Mon, 10/02/2017 - 10:11

I am glad to hear your PO was supportive (though silent) all these months. Your application can still be funded, even though the FY has changed, and perhaps he can negotiate an FY18 award at a lower budget level. Since the FY has changed, all ICs will be in a holding pattern until the federal budget passes, which will not happen until December at the earliest. If you had a secondary IC assigned to your application, you could touch base with the PO there about interest in your proposal, but you should not expect anyone else to pick up the RFA application at this point (especially if you have never communicated with the PO there). All other ICs have lots of unfunded proposals of their own to consider if money becomes available, so yours would not be a priority (score is not enough to make it appealing) – especially since NCI has the largest budget at NIH (other ICs prefer to let NCI pick up applications relevant to NCI mission). In the meantime, I would strongly suggest that you submit the proposal as a new R01; if you do contact POs at other ICs, you could take into account any suggestions they have, but I would focus on ensuring the application is of interest and priority to NCi, since it sounds as though your PO there has your back, and you want to help him make your case at NCI (for both the RFA application and a new R01).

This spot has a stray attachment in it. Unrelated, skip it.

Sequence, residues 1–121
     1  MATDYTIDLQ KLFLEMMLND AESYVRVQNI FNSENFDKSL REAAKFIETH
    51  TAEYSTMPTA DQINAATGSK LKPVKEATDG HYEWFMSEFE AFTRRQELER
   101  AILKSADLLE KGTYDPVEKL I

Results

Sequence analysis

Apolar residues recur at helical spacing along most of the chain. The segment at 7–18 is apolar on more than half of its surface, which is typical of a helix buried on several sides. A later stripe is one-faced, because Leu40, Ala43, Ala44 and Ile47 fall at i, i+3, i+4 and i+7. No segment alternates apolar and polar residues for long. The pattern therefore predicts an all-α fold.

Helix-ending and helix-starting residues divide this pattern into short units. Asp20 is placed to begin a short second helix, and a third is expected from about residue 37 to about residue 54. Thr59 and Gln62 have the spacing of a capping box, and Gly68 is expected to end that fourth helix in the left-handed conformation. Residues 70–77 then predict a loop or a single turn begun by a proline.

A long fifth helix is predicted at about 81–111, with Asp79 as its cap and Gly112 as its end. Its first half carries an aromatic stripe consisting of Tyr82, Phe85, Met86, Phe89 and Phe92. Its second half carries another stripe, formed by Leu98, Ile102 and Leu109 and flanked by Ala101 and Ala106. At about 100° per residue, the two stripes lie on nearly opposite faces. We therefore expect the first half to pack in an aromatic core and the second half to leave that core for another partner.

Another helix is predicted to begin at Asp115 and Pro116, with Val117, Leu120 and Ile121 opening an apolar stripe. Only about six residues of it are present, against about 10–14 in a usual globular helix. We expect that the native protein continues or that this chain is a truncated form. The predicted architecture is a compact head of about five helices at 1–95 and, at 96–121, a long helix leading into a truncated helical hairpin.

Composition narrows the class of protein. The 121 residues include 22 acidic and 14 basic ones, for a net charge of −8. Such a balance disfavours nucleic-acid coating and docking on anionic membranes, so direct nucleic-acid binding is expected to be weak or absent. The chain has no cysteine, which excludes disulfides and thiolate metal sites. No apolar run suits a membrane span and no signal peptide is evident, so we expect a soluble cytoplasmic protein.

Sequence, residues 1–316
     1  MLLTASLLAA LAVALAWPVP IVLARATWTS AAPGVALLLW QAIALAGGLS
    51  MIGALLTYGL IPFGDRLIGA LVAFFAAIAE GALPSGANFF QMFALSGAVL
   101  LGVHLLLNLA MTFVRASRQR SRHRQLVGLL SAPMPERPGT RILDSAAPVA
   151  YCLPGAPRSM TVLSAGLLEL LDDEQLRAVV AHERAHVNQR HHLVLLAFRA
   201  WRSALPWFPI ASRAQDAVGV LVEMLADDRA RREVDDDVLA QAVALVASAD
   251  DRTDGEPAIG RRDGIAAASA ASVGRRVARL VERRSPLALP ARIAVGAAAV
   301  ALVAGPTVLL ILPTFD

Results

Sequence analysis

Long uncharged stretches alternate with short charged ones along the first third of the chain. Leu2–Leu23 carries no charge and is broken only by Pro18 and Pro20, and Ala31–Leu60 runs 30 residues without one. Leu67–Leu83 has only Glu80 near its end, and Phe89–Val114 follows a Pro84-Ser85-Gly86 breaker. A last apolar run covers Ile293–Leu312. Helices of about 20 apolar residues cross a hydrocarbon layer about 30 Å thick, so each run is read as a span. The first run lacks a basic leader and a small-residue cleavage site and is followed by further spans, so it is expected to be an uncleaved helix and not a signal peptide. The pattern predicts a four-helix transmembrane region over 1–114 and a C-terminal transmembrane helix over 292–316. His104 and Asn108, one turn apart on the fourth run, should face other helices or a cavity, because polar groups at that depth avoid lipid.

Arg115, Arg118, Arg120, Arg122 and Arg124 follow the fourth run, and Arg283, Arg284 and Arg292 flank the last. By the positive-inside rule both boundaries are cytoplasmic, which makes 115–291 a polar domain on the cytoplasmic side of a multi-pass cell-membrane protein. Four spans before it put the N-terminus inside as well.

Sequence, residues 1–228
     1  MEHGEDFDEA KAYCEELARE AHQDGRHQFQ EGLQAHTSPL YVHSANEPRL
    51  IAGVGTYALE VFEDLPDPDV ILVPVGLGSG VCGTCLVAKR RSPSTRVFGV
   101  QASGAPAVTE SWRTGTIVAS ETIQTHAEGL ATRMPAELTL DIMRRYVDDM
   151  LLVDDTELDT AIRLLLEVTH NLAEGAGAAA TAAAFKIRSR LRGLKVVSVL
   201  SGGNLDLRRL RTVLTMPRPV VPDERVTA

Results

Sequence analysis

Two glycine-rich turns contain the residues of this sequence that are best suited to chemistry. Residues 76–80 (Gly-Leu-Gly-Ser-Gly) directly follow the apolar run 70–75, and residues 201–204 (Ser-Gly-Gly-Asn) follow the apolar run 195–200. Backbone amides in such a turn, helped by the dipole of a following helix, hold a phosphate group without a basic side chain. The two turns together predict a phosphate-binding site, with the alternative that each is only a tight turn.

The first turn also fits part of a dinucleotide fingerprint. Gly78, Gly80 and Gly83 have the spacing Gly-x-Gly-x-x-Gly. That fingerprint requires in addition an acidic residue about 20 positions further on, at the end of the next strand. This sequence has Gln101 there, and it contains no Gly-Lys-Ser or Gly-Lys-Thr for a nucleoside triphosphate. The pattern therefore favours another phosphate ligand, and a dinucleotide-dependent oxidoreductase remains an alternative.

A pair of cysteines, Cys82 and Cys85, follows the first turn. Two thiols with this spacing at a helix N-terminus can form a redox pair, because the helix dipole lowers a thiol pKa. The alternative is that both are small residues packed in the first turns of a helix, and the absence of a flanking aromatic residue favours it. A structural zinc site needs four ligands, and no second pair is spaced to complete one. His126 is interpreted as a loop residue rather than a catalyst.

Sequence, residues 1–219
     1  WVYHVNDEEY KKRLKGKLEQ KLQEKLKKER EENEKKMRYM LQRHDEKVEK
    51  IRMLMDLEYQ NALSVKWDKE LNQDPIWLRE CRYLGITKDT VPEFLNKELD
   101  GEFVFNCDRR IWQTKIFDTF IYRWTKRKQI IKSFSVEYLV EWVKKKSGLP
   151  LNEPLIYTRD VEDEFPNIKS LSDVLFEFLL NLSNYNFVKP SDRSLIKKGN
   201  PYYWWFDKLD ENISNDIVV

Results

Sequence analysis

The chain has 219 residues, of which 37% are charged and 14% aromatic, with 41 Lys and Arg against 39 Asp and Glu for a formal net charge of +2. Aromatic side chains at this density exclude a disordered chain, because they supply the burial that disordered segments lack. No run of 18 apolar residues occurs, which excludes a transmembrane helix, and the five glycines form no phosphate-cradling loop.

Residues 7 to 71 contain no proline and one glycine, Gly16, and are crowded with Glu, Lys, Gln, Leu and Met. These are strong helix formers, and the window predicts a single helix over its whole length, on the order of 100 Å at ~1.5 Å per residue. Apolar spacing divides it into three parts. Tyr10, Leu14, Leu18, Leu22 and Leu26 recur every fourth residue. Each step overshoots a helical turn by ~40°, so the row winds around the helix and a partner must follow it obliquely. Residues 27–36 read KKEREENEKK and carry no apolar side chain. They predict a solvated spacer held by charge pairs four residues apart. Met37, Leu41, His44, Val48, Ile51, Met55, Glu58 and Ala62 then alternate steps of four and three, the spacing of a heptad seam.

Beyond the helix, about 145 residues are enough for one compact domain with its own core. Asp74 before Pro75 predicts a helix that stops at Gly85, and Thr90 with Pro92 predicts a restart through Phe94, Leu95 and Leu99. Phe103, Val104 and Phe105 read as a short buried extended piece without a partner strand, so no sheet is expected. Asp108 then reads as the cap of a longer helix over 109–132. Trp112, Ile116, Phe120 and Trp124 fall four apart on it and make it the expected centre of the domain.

Categories: NIH-Funding

By: U)NCI

Sun, 10/01/2017 - 21:33

Hi writedit: